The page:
A discussion of African Kings and Black Slaves: Sovereignty and Dispossession in the Early Modern Atlantic (Penn Press: 2018).
Featuring author Herman Bennett (History, Graduate Center CUNY), with discussants Christopher L. Brown (History, Columbia), Mamadou Diouf (African Studies and History, Columbia) and Sibylle Fischer (Spanish and History, NYU).
Thursday, November 29th
Martin E. Segal Theater
Reception to follow
As early as 1441, and well before other European countries encountered Africa, small Portuguese and Spanish trading vessels were plying the coast of West Africa, where they conducted business with African kingdoms that possessed significant territory and power. In the process, Iberians developed an understanding of Africa’s political landscape in which they recognized specific sovereigns, plotted the extent and nature of their polities, and grouped subjects according to their ruler.
In African Kings and Black Slaves, Herman L. Bennett mines the historical archives of Europe and Africa to reinterpret the first century of sustained African-European interaction. These encounters were not simple economic transactions. Rather, according to Bennett, they involved clashing understandings of diplomacy, sovereignty, and politics. Bennett unearths the ways in which Africa’s kings required Iberian traders to participate in elaborate diplomatic rituals, establish treaties, and negotiate trade practices with autonomous territories. And he shows how Iberians based their interpretations of African sovereignty on medieval European political precepts grounded in Roman civil and canon law. In the eyes of Iberians, the extent to which Africa’s polities conformed to these norms played a significant role in determining who was, and who was not, a sovereign people—a judgment that shaped who could legitimately be enslaved.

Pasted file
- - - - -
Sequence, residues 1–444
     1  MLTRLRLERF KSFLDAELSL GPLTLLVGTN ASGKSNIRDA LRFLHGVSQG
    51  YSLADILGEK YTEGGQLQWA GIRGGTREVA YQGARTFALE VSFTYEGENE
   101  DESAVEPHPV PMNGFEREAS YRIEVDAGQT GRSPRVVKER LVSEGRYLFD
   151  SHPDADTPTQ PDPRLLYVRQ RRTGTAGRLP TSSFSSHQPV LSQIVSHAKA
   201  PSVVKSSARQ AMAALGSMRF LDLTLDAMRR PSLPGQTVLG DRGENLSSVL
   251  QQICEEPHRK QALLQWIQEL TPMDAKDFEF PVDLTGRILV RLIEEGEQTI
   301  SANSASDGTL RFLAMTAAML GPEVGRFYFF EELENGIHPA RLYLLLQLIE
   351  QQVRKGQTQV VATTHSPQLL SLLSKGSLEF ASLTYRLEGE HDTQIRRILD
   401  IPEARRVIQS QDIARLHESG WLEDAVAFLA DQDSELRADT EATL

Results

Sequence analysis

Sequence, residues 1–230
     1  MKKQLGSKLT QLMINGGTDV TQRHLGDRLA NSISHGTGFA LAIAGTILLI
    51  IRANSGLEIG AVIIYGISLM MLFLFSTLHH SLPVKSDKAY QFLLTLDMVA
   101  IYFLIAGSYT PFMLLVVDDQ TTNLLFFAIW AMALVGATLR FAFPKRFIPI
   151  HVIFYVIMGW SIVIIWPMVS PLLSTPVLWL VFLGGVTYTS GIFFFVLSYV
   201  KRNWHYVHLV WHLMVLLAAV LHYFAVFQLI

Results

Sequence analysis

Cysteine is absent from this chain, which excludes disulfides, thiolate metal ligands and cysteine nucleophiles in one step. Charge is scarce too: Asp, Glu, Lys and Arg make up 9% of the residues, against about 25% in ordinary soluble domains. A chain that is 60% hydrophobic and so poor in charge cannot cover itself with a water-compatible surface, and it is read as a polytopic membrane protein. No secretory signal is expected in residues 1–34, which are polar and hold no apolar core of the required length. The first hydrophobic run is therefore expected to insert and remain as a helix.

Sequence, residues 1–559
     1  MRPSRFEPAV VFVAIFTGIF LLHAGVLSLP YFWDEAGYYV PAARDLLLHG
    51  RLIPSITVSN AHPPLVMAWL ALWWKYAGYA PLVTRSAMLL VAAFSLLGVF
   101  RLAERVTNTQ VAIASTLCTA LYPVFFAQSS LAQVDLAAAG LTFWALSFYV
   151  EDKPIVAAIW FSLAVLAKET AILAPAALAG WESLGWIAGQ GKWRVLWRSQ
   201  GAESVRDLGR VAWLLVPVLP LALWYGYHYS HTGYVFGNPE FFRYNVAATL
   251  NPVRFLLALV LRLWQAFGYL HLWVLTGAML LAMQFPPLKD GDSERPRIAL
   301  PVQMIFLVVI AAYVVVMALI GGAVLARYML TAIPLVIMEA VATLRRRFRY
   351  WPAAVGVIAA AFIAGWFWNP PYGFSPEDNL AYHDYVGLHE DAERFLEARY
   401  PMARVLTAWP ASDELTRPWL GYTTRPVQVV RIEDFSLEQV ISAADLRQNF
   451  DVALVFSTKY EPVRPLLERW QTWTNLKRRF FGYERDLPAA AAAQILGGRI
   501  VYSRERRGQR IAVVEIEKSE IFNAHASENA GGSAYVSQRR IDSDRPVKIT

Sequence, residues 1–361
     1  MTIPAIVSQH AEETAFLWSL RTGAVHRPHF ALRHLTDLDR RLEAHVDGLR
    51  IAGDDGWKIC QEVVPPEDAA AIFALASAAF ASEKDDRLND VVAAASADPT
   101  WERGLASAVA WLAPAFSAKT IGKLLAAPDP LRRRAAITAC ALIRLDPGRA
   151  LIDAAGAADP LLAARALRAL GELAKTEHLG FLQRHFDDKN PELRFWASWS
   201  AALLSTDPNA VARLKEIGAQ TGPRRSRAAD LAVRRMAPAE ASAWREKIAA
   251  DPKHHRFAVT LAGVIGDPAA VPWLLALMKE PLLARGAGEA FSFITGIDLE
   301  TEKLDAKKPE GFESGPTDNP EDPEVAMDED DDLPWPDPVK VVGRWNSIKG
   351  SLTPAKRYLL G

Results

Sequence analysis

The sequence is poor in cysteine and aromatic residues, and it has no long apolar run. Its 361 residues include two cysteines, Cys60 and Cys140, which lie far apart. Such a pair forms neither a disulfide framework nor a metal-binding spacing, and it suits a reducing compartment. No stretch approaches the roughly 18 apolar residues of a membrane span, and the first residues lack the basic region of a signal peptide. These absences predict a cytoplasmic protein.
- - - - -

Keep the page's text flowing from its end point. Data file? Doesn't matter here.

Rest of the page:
Through an examination of early modern African-European encounters, African Kings and Black Slaves offers a reappraisal of the dominant depiction of these exchanges as being solely mediated through the slave trade and racial difference. By asking in what manner did Europeans and Africans configure sovereignty, polities, and subject status, Bennett offers a new depiction of the diasporic identities that had implications for slaves’ experiences in the Americas.
Book Launch and Discussion: African Kings and Black Slaves by Herman Bennett
Date: November 29, 2018
Time: 4:30 pm - 6:30 pm
Location: CUNY Graduate Center, Martin E. Segal Theatre
Address: 365 Fifth Avenue, New York 10016 (View Map)